For Yahoo! it makes even more sense. They have no reason for making content. They don’t know who they are. This is way to put their assets to work. They collect 5 billion and sell another 7 in patents. Google and Microsoft are likely bidders in that war.

So, Verizon bought the crap Yahoo wanted to get rid of. Yahoo becomes the worlds largest VC. And the world keeps on spinning. Long live Silicon Valley.

The Uncanny Valley

The Uncanny Valley
used in reference to the phenomenon whereby a computer-generated figure or humanoid robot bearing a near-identical resemblance to a human being arouses a sense of unease or revulsion in the person viewing it.

In other words, the uncanny valley is when something looks close to the real thing but our brain freaks out and keeps saying, “Something is wrong.” If you have ever been to a Wax Museum, you get that feeling alot.

which is real?
It’s really easy to tell which is real and which is fake, but look closely. They are very similar. This is a really close match, like a wax statue
Uncanny Valley
The uncanny valley is what happens when your brain tries to make it real, but keeps finding flaws.

I have been a fan of this new technology called a Bond letter. It’s kind of awesome. It is a machine that writes in your own handwriting. Today, I got my hands on a real bond letter written by a robot. Here is a picture of it:


It’s hard to tell from the picture, but something just seemed wrong about it. I didn’t feel right. It felt like a machine wrote it. What was happening?

For several minutes, I studied the letter to see what my brain was “feeling”. The letters were different from each other, no pattern was visible. The line-heights were varied. However, I found a couple of flaws.

  1. The lines were perfectly horizontal. When I write on unlined paper, I never ever get the line so even. (See image below)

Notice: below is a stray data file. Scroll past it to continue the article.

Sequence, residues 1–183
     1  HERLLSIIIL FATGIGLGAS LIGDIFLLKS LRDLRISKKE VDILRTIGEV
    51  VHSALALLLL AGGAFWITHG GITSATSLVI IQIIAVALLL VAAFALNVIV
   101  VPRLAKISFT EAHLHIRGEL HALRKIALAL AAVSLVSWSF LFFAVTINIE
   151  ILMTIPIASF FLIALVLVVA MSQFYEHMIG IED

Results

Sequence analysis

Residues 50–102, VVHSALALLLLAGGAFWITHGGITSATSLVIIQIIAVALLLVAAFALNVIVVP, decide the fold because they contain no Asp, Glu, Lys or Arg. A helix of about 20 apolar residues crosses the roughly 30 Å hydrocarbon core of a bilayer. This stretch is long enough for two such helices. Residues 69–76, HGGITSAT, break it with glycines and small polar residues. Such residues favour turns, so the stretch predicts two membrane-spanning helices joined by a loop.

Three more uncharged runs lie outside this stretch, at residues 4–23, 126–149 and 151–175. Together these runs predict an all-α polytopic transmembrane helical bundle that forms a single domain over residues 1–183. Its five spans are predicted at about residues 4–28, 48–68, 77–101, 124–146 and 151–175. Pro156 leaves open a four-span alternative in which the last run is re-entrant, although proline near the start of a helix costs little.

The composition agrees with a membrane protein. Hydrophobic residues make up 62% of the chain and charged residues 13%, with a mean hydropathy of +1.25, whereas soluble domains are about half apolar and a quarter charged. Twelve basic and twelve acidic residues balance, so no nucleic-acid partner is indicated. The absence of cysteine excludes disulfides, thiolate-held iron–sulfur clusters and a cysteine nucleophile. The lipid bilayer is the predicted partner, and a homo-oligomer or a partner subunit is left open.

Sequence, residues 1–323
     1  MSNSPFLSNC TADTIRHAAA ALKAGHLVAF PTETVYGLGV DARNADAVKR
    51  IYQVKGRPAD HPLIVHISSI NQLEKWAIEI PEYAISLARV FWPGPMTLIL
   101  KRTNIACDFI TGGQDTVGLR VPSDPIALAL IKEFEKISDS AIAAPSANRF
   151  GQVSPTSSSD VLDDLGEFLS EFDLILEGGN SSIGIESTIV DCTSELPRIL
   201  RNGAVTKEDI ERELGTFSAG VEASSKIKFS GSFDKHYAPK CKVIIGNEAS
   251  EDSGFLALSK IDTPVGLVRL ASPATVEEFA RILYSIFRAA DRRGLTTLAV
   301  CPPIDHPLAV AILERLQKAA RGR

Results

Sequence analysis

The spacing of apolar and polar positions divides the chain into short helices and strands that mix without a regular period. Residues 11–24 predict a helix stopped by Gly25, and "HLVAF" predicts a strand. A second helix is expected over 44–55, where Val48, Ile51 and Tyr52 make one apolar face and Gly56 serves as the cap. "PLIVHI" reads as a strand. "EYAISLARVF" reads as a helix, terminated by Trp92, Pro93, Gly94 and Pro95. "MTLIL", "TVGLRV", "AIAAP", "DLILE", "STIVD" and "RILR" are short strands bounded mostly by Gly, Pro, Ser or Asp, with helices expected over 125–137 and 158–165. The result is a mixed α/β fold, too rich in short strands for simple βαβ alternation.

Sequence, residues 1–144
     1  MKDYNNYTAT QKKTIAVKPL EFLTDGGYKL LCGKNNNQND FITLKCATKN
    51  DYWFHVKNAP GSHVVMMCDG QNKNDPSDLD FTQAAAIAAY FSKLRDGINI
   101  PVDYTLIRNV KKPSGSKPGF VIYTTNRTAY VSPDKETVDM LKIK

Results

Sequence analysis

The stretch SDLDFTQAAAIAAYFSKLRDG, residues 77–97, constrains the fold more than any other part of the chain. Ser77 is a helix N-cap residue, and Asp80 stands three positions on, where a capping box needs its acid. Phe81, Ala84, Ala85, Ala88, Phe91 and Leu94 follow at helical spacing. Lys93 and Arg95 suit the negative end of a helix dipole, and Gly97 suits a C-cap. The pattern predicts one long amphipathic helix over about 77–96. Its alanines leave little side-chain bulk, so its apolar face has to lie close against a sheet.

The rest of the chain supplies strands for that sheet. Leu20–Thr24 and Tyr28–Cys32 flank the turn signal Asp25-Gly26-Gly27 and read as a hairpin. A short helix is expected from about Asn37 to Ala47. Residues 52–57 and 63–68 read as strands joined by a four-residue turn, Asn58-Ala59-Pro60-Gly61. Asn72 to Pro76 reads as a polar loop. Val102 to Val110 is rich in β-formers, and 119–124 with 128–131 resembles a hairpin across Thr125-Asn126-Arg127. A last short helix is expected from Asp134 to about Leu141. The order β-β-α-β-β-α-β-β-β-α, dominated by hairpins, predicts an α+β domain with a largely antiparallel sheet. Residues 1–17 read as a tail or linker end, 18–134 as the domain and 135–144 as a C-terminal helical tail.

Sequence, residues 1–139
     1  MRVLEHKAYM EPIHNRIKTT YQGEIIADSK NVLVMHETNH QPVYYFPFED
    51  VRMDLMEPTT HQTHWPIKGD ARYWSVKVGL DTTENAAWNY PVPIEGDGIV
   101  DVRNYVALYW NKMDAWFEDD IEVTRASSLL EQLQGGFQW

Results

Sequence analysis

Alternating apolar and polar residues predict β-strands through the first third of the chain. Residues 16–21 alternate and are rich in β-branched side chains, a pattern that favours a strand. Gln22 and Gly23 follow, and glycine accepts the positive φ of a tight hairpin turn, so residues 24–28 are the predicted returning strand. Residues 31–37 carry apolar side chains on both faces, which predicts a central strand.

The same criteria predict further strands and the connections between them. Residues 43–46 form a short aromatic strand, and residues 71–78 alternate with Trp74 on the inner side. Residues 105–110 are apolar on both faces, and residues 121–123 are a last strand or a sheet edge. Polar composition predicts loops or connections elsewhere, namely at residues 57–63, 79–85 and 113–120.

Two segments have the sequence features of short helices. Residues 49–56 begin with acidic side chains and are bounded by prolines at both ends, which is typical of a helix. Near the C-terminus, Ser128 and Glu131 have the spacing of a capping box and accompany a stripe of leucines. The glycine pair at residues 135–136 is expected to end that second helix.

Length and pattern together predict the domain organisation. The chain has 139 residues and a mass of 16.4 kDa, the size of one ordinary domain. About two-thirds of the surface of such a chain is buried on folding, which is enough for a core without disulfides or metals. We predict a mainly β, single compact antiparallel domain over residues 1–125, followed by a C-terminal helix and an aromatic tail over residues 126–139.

2. The quality of the writing didn’t vary through the letter. Usually my writing changes from the beginning when my hand is steady to the end when it is a little tired. It’s not perfect, but it’s not unperfect enough.


In theory, this could have been written by a person, but they would need a combination of slightly messy handwriting and perfect line management. That just didn’t seem right to me.

I love that Bond is trying to get this right. It’s amazing to me that something like handwriting could trigger that weird part of our brains.

In Marketing, people send dynamic content emails all of the time. I believe that the content of the email fails the uncanny valley test all of the time. Does this sales person know me? or is it just “close” and feels wrong.

Beware the uncanny valley.

There are two kinds of people…

Of course there aren’t, but it is a great way to simplify decisions. Break down the problem to two kinds of people and decide which one you want to optimize for. Some examples:

There are two kinds of people…

  1. Those that wants their inbox to be empty except new things and
    those that let’s their inbox pile up until kingdom come.
  2. Those that browses by clicking and
    those that searches.
  3. Those that likes their UI to be dense with every choice available and
    those that likes progressive disclosure.
  4. Those that loves analytics and
    those that don’t.

The reality is always a mix. There are people on all points of the spectrum, but putting people in a mutually exclusive paradigm that then you can sometimes shed light on your design choices.

When I design user interfaces, I try to remember my design principles, but also be open to the minority of people who like strange things.

There are two kinds of people … those who think there are two kinds of people in world and those who think there are more…or less…or both.

Pokemon Go is already over

The speed of memes has been rising exponentially since the industrial revolution. When I was a child and a new idea or fad became popular it would take 1-2 years for the idea to spread and take a few more years for it to become officially dead. Just look at mullets from the 80’s!

Last week Pokemon Go hit the world like a ton of bricks. There was literally hundreds of people roaming the streets staring at their phones while walking. Today, I visibly can see a drastic diminishment of the zombie numbers on the sidewalks. My oldest kid said he gave it up and started playing Overwatch.

This whipsawing effect of new memes is the fastest I have ever seen. If you weren’t part of the pokemon revolution, don’t worry. It’s already over and a new meme is about to take its place.